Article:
|True hennei is named from Box Canyon in Anza-Borrego, and the chalcedona here tends to be lighter, possibly due to gene flow with corralensis to the north. Common, sometimes abundant, with a fall flight most years. I was surprised to see one on November 29th, 2022, a very late date. These will, at times, be your regular companion on a hike all the way down the trail to Horsethief Creek, where they congregate on Goldenrod if it's in bloom. The larvae can be found easily on the yellow-flowered host, with early instars in nests until the plant begins to dry out in the early summer. They go to ground as mid instars (where they are not easy to find), and resume feeding when the plants are again edible, as after summer/fall rains or in the spring. But they overwinter as mid instars whether or not there is a second brood.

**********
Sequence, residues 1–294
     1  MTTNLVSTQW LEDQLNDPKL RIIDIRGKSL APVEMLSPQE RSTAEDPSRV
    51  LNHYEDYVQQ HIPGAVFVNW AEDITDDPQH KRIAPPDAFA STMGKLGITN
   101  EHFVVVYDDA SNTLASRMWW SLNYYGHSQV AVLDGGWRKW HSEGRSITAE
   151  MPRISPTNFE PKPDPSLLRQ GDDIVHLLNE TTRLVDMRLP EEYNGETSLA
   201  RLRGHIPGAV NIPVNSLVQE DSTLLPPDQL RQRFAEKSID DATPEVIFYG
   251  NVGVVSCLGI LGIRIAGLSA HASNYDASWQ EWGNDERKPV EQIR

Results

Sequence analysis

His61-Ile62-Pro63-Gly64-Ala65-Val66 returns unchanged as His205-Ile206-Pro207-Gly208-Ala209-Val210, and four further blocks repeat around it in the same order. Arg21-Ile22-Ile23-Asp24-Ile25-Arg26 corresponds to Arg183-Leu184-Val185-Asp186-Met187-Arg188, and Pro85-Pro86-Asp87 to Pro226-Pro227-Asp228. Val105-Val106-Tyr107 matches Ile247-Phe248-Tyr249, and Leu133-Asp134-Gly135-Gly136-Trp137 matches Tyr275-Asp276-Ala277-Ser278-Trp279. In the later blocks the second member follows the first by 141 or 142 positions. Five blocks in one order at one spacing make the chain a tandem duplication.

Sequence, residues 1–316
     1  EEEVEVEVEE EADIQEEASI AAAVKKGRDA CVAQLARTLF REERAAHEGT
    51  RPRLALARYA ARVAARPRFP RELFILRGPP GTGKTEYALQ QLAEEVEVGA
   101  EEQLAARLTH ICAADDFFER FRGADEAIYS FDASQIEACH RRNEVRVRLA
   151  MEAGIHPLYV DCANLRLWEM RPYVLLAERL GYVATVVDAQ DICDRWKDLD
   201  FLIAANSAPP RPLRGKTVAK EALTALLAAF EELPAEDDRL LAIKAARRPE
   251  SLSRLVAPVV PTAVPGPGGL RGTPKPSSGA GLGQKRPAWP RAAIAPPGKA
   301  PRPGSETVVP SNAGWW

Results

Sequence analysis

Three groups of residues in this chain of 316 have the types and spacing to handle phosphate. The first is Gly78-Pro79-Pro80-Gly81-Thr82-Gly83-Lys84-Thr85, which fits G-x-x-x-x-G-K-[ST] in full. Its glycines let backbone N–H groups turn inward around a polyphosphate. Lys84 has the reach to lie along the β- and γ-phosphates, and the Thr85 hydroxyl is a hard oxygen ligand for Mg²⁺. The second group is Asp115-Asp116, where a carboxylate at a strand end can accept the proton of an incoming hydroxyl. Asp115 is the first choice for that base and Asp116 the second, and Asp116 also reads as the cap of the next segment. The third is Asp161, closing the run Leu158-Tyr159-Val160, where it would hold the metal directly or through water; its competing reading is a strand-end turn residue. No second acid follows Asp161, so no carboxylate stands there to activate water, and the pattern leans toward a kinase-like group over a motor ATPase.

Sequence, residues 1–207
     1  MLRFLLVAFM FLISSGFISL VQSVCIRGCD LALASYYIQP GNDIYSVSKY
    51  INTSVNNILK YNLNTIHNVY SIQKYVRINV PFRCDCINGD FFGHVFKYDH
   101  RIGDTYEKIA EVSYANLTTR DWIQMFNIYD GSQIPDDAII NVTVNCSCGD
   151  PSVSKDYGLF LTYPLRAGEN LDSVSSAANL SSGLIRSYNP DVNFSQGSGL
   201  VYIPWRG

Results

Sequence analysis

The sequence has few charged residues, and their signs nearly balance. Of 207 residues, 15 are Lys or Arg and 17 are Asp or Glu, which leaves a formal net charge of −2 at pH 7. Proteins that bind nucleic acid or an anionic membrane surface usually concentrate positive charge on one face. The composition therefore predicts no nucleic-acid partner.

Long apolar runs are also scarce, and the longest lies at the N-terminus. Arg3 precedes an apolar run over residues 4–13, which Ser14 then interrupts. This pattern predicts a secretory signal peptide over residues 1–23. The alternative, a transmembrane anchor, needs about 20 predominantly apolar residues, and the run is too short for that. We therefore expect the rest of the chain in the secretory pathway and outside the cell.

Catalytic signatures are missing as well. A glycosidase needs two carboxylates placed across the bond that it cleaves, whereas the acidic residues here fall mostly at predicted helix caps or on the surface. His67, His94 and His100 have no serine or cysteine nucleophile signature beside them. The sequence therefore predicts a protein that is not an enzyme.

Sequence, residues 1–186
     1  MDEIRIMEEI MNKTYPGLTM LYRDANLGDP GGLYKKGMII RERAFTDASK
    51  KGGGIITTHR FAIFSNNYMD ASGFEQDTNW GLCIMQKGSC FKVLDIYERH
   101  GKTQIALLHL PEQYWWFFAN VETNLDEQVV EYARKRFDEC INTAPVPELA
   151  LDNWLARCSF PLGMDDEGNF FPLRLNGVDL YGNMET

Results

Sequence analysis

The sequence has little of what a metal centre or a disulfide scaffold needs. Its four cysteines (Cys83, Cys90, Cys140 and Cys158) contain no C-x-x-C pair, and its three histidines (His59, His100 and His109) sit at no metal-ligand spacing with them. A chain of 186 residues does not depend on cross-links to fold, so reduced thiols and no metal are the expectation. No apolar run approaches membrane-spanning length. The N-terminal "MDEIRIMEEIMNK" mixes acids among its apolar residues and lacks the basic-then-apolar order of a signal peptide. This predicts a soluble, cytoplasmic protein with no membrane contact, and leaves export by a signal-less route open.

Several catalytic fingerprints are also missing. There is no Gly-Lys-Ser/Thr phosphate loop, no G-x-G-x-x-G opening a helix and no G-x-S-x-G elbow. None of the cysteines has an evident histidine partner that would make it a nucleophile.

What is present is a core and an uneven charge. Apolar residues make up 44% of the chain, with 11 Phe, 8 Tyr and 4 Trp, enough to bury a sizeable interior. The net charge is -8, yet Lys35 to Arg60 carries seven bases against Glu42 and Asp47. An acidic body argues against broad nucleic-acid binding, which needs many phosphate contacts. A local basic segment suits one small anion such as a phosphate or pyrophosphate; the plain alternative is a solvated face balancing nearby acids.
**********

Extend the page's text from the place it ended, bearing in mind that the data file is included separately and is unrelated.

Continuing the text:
|Too many to list. Truly polyphagous.
|Can be common at times, even early and late in the year.
|Limenitis lorquini powelli
|Willows (Salicaceae). This trail has Salix exigua, laevigata, and lasiolepis.
|Males patrol some of the places down the trail where willows grow.
|Three oaks are listed in Chester's plant guide: Quercus cornelius-mulleri; Q. wislizeni var. frutescens; and Q. acutidens (Fagaceae). Of the three, only Q. wislizeni is listed as a host for californica in my various books.
|Can be common on the trail, particularly in tree-lined canyons. Quercus wislizeni var. frutescens first appears on the trail near the junked car at the "Dolomite Mine". Overwinters as a larva.
|Ceanothus perplexans most likely.
|I hadn't really noticed this one before the spring of 2017 (late April), but they can become a regular part of the mix before numbers fall off again. Ceanothus perplexans - cupped-leaf ceanothus - is the likely food plant on this trail, but it doesn't seem to be a preferred host. It uses leucodermis in the Keen Camp Summit area.
|Epargyreus clarus californicus
|Probably Amorpha fruticosa (Fabaceae) here.
|Uncommon, but sometimes seen well down the trail, inc. at Horsethief Creek.
|Thorybes phylades indistinctus